About This Blog
I think many would agree that movies are more than entertainment. They are modern day expressions of dreams and aspirations, love and fantasies, adventures and reality, visions of the past and of the future, entanglement of how it is and how we like it to be. In other words, movies are art. I wish for this blog to be a bit different from just another movie review or critique. I often appreciate a film from a literary perspective, seeing the message and the theme by unfolding what the director packed into each scene. But the excitement only begins when it speaks to the soul, stirring what is sitting calmly inside the body that ends up adding sparkles in the eyes, realizing there is a revelation that inspires one to become reverent. Do I dare to say spirituality?
When the audience sit on the edge of their chairs, listening in to the strenuous debates between the politicians, the military, and the legal advisors whether they have the justification to engage with the drone attack on a secretive terrorist gathering in Nairobi, Kenya with the possibility of fatally injuring a civilian girl, they are also viewing the portrayal of the inner battle of western conscience in the most dramatic form. (Read more)
Went to see a movie on Saturday night with the intention of seeing a beautiful woman kicking ass (or whatever she wants to do) but end up stumbling on a profound conversation on evolution, human potential, and God. Scarlett Johansson is accidentally dragged into an international drug ring where she is forced to transport drugs stored in her abdomen. Due to a leakage, large doses of the drug enters her body rendering her able to fully utilize her brain cells over 24 hours…..(Read more)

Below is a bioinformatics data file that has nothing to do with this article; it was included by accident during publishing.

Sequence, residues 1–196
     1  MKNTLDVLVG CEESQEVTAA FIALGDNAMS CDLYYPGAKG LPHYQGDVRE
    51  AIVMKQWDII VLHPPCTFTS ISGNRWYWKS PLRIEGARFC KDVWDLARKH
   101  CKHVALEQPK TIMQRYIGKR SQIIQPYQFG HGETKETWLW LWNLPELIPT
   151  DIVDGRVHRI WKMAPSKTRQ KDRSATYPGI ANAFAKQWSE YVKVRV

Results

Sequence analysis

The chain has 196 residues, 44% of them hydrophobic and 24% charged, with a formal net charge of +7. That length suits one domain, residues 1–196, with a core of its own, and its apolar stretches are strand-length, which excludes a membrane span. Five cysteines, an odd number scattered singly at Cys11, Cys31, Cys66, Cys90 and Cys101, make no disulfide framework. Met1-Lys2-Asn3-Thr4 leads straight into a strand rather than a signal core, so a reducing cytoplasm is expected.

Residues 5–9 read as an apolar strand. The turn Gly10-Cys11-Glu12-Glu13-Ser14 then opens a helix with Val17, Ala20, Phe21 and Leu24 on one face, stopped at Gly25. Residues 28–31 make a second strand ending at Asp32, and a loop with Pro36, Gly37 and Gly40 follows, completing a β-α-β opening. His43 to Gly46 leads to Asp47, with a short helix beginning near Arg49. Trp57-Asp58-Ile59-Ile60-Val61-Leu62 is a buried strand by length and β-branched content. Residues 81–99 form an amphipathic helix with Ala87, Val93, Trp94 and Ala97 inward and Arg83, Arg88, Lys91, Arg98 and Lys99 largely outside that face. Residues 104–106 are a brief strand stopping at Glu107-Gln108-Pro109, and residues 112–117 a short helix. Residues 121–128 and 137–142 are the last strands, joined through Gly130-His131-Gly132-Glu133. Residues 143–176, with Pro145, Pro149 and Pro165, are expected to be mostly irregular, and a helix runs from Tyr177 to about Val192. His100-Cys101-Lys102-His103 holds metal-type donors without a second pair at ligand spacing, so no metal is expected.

The story is about three daughters Barbara, Ivy, and Karen, getting back together to visit their mother at the disappearance of their father. Every character is trapped within her own situation with no way out. The pain is like a disease passed from one generation to the next. Symbolically, the mother (played by Meryl Streep) has cancer in her mouth, and her youngest daughter Karen needed to have a hysterectomy because of cervical cancer. Like the cancer, the broken relationship is also passed on from one generation to the next, which is evident when Barbara’s daughter rolled up the car window as she was driven away by her dad…..(Read more)
American Beauty received a lot of buzz when it first came out in 1999, not only because it won itself five Academy Awards including best picture in 2000 but more so because of the common reaction of “What was it about?”……As the story unfolds, we might think that the theme of American Beautyis going to be, “Eat, drink, and be merry, for tomorrow we die.” But the movie is anything but sensational. It’s iconoclasm marks our media-generated illusions without resorting to either a simple fatalism or a perverse cynicism. (Read more)